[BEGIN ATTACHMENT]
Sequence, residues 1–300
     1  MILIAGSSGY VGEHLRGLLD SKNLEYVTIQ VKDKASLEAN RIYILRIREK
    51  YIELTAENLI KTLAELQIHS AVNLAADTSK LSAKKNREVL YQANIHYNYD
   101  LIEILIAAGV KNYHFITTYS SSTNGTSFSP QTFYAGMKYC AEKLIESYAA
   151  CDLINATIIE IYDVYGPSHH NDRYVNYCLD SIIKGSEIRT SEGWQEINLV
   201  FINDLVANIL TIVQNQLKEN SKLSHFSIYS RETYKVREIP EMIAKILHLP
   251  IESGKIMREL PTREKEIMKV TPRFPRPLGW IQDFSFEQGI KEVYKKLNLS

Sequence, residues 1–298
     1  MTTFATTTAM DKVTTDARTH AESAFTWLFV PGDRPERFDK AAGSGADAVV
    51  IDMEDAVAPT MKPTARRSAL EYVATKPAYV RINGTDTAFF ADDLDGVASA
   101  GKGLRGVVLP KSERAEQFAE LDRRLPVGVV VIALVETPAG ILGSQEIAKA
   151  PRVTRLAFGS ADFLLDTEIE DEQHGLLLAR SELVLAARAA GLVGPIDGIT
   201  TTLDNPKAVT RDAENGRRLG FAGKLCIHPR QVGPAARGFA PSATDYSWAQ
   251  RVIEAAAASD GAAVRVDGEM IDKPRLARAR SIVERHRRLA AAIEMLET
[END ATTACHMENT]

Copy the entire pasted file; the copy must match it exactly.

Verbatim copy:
Sequence, residues 1–300
     1  MILIAGSSGY VGEHLRGLLD SKNLEYVTIQ VKDKASLEAN RIYILRIREK
    51  YIELTAENLI KTLAELQIHS AVNLAADTSK LSAKKNREVL YQANIHYNYD
   101  LIEILIAAGV KNYHFITTYS SSTNGTSFSP QTFYAGMKYC AEKLIESYAA
   151  CDLINATIIE IYDVYGPSHH NDRYVNYCLD SIIKGSEIRT SEGWQEINLV
   201  FINDLVANIL TIVQNQLKEN SKLSHFSIYS RETYKVREIP EMIAKILHLP
   251  IESGKIMREL PTREKEIMKV TPRFPRPLGW IQDFSFEQGI KEVYKKLNLS

Sequence, residues 1–298
     1  MTTFATTTAM DKVTTDARTH AESAFTWLFV PGDRPERFDK AAGSGADAVV
    51  IDMEDAVAPT MKPTARRSAL EYVATKPAYV RINGTDTAFF ADDLDGVASA
   101  GKGLRGVVLP KSERAEQFAE LDRRLPVGVV VIALVETPAG ILGSQEIAKA
   151  PRVTRLAFGS ADFLLDTEIE DEQHGLLLAR SELVLAARAA GLVGPIDGIT
   201  TTLDNPKAVT RDAENGRRLG FAGKLCIHPR QVGPAARGFA PSATDYSWAQ
   251  RVIEAAAASD GAAVRVDGEM IDKPRLARAR SIVERHRRLA AAIEMLET